On March 27, a federal appeals court threw out the petition by the Citizens Association of Georgetown — representing the DC Fair Skies Coalition, which comprises a number of D.C.-area organizations — to halt and redesign flight paths causing increased noise. The annoyance to area residents began in 2015, when the new flight paths were implemented by the Federal Aviation Administration.
The court determined that the residents’ argument ran into “procedural and substantive obstacles,” namely, it was not filed in a timely manner. “Federal law requires that petitions seeking review of FAA actions be filed within 60 days of the agency’s final order,” the court said. “Because petitioners failed to challenge it within the 60 day statutory time limit and had no ‘reasonable grounds’ for the delay, we dismiss the petition as untimely.” The three-judge panel of the U.S. Court of Appeals for the District of Columbia Circuit noted that the FAA’s “final order” came in late 2013.
The petition did not qualify as one of those “rare cases” in which there are reasonable grounds to excuse the failure to timely file a petition for review, according to the court decision. One of those cases was a successful suit in January to revert flight paths over Phoenix, Arizona, back to the previous, less noisy ones.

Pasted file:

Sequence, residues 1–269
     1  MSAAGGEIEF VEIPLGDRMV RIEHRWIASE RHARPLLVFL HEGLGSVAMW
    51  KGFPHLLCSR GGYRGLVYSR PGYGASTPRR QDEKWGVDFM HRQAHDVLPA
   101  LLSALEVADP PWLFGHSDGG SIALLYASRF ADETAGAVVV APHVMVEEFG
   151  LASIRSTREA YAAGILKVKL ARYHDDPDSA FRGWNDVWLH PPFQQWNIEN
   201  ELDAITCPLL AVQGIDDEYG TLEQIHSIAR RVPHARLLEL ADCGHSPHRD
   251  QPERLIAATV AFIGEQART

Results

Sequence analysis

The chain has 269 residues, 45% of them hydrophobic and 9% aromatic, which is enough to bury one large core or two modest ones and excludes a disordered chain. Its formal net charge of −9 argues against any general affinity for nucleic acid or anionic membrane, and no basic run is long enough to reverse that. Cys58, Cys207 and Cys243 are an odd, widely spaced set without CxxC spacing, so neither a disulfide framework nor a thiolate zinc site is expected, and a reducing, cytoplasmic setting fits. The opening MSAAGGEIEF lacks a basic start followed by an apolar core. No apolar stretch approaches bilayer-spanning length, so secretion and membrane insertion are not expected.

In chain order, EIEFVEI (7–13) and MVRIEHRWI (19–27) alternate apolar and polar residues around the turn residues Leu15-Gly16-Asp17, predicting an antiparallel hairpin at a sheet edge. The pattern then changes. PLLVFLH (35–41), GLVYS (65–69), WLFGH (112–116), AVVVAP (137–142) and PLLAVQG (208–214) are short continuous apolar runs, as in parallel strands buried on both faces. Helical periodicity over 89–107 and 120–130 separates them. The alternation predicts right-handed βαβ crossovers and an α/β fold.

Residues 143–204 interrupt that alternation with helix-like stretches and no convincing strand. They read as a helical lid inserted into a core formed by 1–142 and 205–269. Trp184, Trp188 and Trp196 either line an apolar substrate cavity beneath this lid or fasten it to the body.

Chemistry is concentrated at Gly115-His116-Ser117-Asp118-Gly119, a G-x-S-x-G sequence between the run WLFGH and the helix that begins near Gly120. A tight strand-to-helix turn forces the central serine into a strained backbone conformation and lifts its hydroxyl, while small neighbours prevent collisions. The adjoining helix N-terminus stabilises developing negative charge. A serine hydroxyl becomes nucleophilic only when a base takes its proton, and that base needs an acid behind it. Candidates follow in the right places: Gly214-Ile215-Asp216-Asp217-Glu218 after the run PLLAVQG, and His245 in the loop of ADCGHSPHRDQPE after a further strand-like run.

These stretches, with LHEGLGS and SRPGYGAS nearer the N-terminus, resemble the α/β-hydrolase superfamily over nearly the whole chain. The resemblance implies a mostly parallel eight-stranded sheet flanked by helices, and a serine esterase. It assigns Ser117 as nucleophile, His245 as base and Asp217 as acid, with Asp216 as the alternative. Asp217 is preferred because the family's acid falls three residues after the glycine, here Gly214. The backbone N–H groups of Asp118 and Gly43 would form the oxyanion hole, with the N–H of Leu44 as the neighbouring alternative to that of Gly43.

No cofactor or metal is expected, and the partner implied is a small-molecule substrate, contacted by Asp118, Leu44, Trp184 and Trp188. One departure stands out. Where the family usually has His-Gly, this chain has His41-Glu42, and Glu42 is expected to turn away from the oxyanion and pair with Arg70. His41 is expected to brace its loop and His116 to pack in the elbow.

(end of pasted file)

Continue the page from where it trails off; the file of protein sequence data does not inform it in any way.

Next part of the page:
In effect, the FAA made the 60-day period for complaints much earlier than even the implementation dates in 2015, lawyer and Georgetown Advisory Neighborhood Commissioner Rick Murphy told The Georgetowner.
“Unfortunately, the court did not reach the merits of the case. The FAA made diligent efforts to ensure no one in D.C. was aware of the new flight path we challenged until it was an accomplished fact,” said Richard Hinds, general counsel for CAG. “We need to consider what if any steps we need to consider taking at this point, but pursuing our administrative petition with the FAA is one possible alternative to further litigation.”
District Council member Jack Evans, who represents residents in Georgetown and other affected neighborhoods, called the decision “terribly disappointing.”
The FAA’s NextGen system uses satellites instead of old-fashioned radar to guide airplanes. These more direct flight paths allow for more planes in the air, safely spaced closer together and burning less fuel. The unintended consequence in many areas: more noise for residents.